02 Feb Do more nothing
Hello. My name is JJ and I am a skimmer.
I read newspaper headlines and captions. I flip through the Bible, occasionally (rarely) stopping to read more than a verse at a time. I read the first few entries of devotional books and then skim the rest.
I bookmark professional journal articles to read for work but don’t return to them. I repeatedly make lists of who and what to pray for but rarely follow through in prayer. I have pages of ideas to write about but infrequently position my butt in front of my computer to actually write.
I want to commune with God, dig deeper, slow down, soak in information, learn more about the world, but I convince myself I don’t have enough time. So instead of doing any one thing thoroughly, I do a lot of little things inadequately.
My skimming habit is robbing me. When I don’t keep a careful check on my spirit, I find the frantic pace boils inside of me until I burn out before starting anything. There’s an undercurrent of defeat knowing I won’t accomplish what I think I should, so why bother.
Our society’s daily barrage of information, along with all the things we’re supposed to do and be (supermom, superlibrarian, superChristian, superservant, superwife, supermodel) are traps. When I lose focus, I become weak.
When I jump haphazardly from one activity to the next, even if well-intentioned in all of them, I end up dodging growth and getting nowhere.
I mentioned a few blog posts ago that I don’t make New Year’s Resolutions. I don’t. But when a conversation (of sorts) was started on the whiteboard in our upstairs hallway – someone, probably my eldest, wrote “Resolutions” – I listed what popped into my head that day: 1. Sleep more. 2. Read more. 3. Walk more. 4. Do more nothing. (Another family member resolved to get a horse and get out of school forever.)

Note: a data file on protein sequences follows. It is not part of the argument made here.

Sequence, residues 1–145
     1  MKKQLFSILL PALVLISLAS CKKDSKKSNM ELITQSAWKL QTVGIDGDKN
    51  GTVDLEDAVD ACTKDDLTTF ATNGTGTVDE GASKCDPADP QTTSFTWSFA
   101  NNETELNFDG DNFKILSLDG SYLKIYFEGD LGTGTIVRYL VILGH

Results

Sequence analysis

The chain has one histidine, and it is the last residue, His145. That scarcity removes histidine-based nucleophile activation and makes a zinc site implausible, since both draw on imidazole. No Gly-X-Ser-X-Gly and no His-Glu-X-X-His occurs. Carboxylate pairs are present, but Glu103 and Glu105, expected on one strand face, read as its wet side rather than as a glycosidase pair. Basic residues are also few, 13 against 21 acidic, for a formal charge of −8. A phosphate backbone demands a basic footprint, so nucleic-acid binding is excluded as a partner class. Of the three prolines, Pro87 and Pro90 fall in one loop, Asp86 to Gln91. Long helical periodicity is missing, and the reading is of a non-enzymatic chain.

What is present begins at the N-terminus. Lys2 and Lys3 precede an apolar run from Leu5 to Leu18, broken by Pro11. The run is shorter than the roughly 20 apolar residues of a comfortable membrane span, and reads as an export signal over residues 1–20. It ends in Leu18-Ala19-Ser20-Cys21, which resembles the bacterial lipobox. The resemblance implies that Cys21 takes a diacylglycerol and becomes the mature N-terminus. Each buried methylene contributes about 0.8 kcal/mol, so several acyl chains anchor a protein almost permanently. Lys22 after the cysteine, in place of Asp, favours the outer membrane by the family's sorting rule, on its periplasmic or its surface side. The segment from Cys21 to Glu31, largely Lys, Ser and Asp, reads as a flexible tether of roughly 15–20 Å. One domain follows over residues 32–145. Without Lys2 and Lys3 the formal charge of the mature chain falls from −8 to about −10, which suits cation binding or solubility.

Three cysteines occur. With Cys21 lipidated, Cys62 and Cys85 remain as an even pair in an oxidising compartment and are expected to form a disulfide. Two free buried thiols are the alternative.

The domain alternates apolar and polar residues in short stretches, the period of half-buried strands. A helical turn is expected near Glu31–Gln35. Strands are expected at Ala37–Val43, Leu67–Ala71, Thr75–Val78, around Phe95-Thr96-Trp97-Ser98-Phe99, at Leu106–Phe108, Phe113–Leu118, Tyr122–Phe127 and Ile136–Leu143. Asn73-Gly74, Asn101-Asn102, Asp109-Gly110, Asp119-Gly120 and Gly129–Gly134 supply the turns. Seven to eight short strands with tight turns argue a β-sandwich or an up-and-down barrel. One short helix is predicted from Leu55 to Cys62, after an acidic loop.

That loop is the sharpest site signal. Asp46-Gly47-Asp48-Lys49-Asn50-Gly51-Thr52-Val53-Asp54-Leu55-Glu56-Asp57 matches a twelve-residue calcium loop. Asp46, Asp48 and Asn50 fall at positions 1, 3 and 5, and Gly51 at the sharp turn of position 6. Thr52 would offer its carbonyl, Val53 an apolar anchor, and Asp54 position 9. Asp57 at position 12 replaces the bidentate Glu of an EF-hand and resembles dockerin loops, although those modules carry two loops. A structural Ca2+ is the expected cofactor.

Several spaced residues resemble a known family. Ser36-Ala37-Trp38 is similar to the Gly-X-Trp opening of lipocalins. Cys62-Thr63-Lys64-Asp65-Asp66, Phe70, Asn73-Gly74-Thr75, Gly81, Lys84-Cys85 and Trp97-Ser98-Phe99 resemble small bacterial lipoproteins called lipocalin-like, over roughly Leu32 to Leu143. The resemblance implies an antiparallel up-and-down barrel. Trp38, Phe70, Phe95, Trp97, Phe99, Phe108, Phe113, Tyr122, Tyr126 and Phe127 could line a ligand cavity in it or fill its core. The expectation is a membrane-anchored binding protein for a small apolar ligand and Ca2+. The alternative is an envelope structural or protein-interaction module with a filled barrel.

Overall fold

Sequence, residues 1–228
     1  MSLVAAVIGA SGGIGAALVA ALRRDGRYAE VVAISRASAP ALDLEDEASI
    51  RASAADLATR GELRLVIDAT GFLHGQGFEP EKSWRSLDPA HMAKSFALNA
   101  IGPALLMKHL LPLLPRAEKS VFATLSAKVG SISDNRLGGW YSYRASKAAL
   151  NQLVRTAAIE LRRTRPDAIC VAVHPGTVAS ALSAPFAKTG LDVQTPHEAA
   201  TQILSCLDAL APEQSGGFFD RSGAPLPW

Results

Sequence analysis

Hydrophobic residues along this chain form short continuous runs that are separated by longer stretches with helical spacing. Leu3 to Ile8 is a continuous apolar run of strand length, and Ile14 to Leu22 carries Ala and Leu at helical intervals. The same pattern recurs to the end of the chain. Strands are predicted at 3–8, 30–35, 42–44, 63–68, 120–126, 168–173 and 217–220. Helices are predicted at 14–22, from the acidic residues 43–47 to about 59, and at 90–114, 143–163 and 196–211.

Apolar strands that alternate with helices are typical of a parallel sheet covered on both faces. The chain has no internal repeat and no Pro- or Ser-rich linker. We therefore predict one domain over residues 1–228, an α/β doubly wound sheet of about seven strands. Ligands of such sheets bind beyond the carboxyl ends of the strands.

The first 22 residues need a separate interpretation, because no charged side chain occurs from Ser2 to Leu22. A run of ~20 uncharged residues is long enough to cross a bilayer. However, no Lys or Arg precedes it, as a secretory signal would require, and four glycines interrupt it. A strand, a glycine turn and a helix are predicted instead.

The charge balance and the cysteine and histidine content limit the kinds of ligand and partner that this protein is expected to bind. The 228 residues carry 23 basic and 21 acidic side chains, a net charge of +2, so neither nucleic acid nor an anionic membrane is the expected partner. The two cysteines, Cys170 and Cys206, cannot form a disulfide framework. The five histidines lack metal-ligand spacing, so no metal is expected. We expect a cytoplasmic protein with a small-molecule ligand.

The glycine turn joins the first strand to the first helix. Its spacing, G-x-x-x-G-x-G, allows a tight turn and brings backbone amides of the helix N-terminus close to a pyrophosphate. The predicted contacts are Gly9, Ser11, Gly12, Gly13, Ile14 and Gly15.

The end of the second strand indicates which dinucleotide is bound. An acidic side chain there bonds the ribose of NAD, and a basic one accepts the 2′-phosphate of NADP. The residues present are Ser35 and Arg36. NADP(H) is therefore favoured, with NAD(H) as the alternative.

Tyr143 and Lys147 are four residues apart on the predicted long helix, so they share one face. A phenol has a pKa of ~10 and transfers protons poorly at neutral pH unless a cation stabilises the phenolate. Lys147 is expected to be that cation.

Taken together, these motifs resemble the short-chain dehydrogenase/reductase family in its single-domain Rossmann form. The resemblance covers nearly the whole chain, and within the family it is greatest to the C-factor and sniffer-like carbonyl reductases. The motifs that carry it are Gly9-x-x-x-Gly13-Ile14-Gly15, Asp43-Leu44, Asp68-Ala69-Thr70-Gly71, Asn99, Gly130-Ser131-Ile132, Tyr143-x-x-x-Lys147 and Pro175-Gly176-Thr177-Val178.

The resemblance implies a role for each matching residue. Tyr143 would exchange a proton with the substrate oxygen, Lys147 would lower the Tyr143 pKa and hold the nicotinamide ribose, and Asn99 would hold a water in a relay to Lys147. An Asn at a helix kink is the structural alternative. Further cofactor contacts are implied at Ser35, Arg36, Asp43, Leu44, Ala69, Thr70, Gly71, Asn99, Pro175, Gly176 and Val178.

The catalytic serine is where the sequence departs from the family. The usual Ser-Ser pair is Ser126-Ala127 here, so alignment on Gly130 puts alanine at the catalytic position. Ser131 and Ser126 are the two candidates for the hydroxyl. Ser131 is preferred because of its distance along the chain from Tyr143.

Every day so far of 2015, as I’ve walked by that whiteboard, I have read my resolutions: sleep more, read more, walk more, do more nothing. I want to add to my list – just breathe.
A phrase I saw on social media a few months ago bounces around in my thoughts too: “Do less with more focus.” That is the key.
I am not going to be able to read everything I want to read, so I will deliberately choose a few articles and books and then digest them slowly.
I am not going to be able to absorb every lesson the Bible has for me just because I just bought a new study Bible last week. So instead of flipping randomly, catching nothing, I will choose one passage to study and mediate on.
No way can I be supermom at every turn (I realize you are finding that one oh-so-hard to believe!) or pray for six hours every day. When I stop and breathe and embrace stillness, my focus becomes keen and priorities sort themselves out.
I ask God to show me what to do, show me what to read, direct me toward the best, and I find freedom and peace.